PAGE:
Yes, we lay a nekked person on a table and take out their blood, replacing said blood with embalming fluid. Weird? Yes.
But so is cremation, sky burial, endocannibalism, famadihana and mummification.
Two. It does not preserve the body indefinitely.
You can’t dig up an embalmed body from 1920 and expect it to be a perfect specimen of unblemished human anatomy. It’s possible that the body is in good shape, but not probable.
The official definition from the American Board of Funeral Service Education states that embalming is “the process of chemically treating the dead human body to reduce the presence and growth of microorganisms, to retard organic decomposition, and to restore an acceptable physical appearance.”
Reduce, retard and restore. Mainly the restore part.
So … about Vladimir Lenin and his dead-since-1924 body that is still viewable today? Harry Potter magic and a few other tricks is the answer.
Three. In most states, what is pushed out of the body goes down the drain and out into public sewage.
Now you know.
Four. Embalming doesn’t promote the public health.
There’s an idea (possibly perpetuated by societal laws, originating back to Mosaic Law and certified in pandemics like “The Plague”) that you can catch death by hanging around a dead body.
For the most part, it’s just not true. They’re safe. Sure, you shouldn’t want to be all buddy-buddy with a dead body, but an unembalmed body won’t kill you. Dead bodies aren’t zombies
Five. It guarantees you won’t be buried alive.
If you fear getting cremated alive or buried alive, embalming guarantees neither of those things will happen. But if you live in a “First World” country, you don’t have to worry about getting buried or cremated alive. We’re pretty good at determining death. For the most part.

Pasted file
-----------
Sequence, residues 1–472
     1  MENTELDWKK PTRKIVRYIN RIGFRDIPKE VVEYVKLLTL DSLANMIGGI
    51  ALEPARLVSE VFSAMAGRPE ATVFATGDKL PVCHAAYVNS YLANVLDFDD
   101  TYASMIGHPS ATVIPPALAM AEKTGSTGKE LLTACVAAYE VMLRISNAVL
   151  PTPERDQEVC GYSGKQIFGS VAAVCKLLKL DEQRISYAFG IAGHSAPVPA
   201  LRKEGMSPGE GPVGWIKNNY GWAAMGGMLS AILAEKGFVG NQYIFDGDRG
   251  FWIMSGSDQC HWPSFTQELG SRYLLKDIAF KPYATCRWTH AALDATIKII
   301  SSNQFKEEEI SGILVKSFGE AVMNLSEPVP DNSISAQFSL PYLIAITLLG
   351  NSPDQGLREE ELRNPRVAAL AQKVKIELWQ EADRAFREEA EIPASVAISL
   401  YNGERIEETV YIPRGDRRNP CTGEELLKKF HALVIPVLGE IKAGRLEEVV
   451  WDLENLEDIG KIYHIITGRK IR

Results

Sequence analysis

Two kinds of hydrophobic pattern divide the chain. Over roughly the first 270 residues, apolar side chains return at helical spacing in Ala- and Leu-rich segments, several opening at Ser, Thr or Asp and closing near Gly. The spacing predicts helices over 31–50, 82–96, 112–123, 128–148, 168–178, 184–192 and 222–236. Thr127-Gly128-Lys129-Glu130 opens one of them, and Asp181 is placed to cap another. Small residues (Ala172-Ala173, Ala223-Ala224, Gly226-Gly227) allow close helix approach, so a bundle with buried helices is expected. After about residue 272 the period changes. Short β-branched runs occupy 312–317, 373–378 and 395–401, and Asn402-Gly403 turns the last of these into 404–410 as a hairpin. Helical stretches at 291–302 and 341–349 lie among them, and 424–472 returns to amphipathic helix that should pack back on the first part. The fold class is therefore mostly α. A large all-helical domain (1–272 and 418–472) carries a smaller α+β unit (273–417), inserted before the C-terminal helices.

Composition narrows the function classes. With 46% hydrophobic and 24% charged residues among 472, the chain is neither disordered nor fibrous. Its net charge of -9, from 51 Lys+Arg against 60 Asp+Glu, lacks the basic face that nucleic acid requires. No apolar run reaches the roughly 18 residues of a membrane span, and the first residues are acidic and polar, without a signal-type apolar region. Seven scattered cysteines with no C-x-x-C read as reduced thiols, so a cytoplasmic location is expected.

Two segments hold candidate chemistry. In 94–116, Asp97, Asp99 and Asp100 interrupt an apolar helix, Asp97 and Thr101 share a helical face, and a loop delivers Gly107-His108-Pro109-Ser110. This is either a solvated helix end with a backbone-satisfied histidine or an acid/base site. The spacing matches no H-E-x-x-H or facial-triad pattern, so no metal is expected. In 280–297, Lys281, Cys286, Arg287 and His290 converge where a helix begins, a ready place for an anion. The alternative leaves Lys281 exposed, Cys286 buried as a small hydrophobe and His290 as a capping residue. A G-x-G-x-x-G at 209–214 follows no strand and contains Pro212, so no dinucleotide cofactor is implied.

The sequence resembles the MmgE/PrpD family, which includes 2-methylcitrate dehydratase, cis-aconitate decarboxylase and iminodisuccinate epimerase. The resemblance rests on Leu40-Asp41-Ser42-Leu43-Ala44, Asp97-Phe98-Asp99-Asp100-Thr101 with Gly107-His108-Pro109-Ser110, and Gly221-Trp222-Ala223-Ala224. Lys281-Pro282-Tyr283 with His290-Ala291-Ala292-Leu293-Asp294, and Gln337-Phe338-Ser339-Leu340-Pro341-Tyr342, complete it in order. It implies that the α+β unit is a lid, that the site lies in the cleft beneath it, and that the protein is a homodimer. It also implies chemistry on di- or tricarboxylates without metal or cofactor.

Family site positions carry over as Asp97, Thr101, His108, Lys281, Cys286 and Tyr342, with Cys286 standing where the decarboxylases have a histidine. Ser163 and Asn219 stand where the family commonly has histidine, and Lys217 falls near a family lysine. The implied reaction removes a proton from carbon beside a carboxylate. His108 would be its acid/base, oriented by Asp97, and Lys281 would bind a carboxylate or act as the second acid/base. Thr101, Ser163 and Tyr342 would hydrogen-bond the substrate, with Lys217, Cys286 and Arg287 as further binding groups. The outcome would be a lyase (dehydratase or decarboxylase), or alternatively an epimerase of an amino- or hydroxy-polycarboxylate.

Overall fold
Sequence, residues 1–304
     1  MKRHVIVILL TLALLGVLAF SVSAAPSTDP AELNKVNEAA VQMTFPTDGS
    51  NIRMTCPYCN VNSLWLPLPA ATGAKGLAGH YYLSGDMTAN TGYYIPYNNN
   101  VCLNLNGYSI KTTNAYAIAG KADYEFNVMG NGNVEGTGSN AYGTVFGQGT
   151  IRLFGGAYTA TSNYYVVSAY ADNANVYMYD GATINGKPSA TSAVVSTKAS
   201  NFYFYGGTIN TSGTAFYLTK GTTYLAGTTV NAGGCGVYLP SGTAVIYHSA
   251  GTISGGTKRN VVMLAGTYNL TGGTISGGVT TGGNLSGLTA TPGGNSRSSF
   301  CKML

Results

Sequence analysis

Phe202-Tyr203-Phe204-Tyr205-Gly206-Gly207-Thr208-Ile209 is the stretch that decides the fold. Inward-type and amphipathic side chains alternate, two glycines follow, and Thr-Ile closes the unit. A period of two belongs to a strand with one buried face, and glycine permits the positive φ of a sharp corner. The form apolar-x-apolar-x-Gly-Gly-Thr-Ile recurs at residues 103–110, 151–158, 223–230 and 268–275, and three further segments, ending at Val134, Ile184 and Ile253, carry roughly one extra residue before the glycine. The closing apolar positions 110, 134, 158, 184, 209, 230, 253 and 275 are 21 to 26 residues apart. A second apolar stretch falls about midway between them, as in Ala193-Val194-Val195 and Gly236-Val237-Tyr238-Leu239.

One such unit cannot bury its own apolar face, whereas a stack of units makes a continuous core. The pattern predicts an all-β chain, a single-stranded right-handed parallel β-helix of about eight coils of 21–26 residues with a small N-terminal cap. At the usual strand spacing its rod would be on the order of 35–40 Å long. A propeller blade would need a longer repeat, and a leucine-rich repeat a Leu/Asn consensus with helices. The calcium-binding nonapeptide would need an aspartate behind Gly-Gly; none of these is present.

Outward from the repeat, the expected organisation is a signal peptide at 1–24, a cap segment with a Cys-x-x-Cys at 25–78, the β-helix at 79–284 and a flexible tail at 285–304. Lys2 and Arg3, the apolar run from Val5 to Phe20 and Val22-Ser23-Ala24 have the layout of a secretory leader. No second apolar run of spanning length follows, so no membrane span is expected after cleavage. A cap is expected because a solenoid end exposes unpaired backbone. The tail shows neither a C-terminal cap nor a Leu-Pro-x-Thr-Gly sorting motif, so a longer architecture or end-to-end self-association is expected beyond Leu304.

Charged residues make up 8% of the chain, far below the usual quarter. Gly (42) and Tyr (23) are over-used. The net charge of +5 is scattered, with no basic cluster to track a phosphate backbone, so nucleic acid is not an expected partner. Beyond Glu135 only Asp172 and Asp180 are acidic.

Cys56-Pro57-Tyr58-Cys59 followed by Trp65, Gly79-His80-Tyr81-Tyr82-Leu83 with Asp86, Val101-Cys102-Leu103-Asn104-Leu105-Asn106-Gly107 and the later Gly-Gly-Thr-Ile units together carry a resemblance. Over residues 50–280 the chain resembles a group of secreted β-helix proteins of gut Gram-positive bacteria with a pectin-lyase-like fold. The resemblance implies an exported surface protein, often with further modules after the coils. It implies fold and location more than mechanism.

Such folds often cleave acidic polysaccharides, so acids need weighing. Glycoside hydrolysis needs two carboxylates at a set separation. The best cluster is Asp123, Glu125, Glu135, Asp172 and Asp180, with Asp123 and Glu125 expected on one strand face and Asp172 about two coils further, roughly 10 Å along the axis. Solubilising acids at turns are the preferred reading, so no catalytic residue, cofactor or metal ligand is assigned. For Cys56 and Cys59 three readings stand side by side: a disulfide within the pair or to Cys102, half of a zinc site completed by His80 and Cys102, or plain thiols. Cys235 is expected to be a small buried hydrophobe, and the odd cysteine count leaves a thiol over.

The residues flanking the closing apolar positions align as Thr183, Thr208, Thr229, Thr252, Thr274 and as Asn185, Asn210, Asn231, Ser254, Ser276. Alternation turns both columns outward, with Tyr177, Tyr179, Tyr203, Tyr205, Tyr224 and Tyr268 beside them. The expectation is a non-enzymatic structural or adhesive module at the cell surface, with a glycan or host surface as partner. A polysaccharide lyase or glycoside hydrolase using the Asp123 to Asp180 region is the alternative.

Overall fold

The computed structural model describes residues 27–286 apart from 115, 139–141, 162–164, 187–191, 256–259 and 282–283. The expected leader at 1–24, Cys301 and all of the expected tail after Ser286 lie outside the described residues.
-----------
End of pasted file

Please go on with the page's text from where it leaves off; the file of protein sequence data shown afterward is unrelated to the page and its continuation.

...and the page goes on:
Six. It helps make the symbol of death look pretty.
The dead body is the symbol and it’s a symbol that needs to be seen. It needs to be seen for reasons of grief work and for death denial confrontation. Dr. Erich Lindemann (grief management pioneer) says that a defining characteristic of persons dealing with complicated bereavement is that they never saw the dead body of their loved one.
An embalmed body helps the symbol look good. There’s nothing wrong with that. It’s a good thing.
Certainly, embalming isn’t necessary AT ALL to see the dead body. But, it can help.
Seven. Embalming fluid is not environmentally friendly.
The most environmentally friendly form of burial is a natural burial. Plain and simple. Cremation isn’t wonderful for the atmosphere. And embalming fluid isn’t wonderful for the ground.
Eight. Embalming isn’t the “Traditional Funeral”.
We didn’t do the whole arterial embalming thing until the mid-1800s. Before that it was all natural and dirt and fire and other things. The “traditional funeral” is actually rather non-traditional when you consider the sum history of Homo sapiens.
Nine. It is rarely required.
If you’re getting cremated, it’s OBVIOUSLY not required. For viewings and burials, local laws differ on embalming requirements (some areas require a body to be embalmed if it isn’t buried after it’s been dead for 10 days). Alabama, Alaska, and New Jersey require embalming if you’re transporting a body to their state (which is a stupid law). Various types of refrigeration are an alternative form of temporary preservation while awaiting a funeral service and/or viewing.
Ten: Embalming fluid shouldn’t be smoked.
Seriously. Don’t smoke wet. Embalming fluid is meant for dead people.
Time for a Top Ten list from your local funeral professionals! Now I am by no means a “Miss Manners” of funeral etiquette, but some things should be non-negotiable when attending a funeral service:
One. Silence your phone. Seriously that means you.
Two. Silence your insatiable curiosity. If the cause of death is common knowledge, then you will already know about it. Please don’t badger the family for “gory details” at the funeral. Likewise, don’t expect the funeral home staff to let you in on the family dirt. We will not be the source for #NOTTHEBABYDADDY on your Twitter feed.